The Basílica de Son Peretó near Manacor dates back to the period between the 5th and the 7th century. It is an excavation site of an early paleochristian sanctuary from the time when Roman settlers in Mallorca were retreating due to problems at home, and Byzantines were coming to the Balearics. On this earliest christian site in Mallorca one can find tombs, baptismal basins (photo top), remains of a ceremonial chapel and of some living quarters. The site has been declared a Historicoarqueològic Monument; the excavations can be visited daily during daytime hours. Entrance is free.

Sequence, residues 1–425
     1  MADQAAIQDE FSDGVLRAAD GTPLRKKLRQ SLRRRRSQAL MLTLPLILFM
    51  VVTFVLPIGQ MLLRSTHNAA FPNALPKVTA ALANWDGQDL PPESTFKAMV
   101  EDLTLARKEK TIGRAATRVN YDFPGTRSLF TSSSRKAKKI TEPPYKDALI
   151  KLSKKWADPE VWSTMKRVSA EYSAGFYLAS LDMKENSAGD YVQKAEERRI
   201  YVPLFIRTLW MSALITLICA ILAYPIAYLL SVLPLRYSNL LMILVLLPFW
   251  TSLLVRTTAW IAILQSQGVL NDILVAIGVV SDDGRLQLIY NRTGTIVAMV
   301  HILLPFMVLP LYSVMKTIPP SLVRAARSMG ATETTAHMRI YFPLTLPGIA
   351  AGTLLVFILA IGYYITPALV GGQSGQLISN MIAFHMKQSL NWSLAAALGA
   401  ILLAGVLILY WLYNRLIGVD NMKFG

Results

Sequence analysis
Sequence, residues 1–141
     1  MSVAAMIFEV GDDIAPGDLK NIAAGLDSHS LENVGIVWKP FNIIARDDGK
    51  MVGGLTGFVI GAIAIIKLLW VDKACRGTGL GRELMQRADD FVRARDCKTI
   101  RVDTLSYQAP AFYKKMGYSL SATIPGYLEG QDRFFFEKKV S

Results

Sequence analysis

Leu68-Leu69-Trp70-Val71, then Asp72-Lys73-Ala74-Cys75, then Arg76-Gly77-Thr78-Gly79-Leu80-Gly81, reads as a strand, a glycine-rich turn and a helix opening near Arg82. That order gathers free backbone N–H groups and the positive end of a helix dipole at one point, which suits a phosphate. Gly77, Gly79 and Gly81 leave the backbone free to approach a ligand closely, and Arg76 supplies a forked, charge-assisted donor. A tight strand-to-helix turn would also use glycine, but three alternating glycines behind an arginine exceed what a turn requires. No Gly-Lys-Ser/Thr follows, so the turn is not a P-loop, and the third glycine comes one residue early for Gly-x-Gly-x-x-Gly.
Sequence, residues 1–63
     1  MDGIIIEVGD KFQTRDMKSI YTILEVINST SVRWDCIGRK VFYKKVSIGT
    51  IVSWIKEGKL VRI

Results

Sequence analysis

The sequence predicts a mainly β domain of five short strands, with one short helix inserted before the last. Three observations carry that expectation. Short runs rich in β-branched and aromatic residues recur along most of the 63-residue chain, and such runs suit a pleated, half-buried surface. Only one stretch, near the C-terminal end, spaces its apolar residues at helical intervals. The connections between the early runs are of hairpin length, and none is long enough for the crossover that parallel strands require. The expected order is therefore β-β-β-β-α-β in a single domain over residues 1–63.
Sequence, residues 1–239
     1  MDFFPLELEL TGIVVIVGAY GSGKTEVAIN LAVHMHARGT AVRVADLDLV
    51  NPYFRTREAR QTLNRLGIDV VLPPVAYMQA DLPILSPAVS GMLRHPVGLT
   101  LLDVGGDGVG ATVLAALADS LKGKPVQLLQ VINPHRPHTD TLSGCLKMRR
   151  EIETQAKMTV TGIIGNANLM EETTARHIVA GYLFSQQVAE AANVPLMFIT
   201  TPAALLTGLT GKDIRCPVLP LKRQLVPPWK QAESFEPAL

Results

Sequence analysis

Apart from two magnificent cross shaped basins that were probably used for baptism rituals, and some graves, not much can be seen on this important excavation site. For a display of various stupendous floor mosaics (photo bottom), a reproduction of an altar base, some tables and a small scale maquette of the cluster of buildings, one has to make one’s way to the Museu d’Història de Manacor where, again, admission is free. For an even better insight, a visit to the Museu Bíblic in Palma might be of the order. Admission is free there, too, but visits there will have to be prearranged.
As far as I can make out, Son Peretó offers the most significant remains from the post-Roman era and the pre-Moorish period in Mallorca. A visit there helps us put things into perspective.
The photo (top) was taken near Manacor, Mallorca, Baleares, Spain. The date: February 26th, 2009. The time was 13:53:45. The photo (bottom) was taken in Manacor, Mallorca, Baleares, Spain. The date: February 27th, 2009. The time was 17:51:10.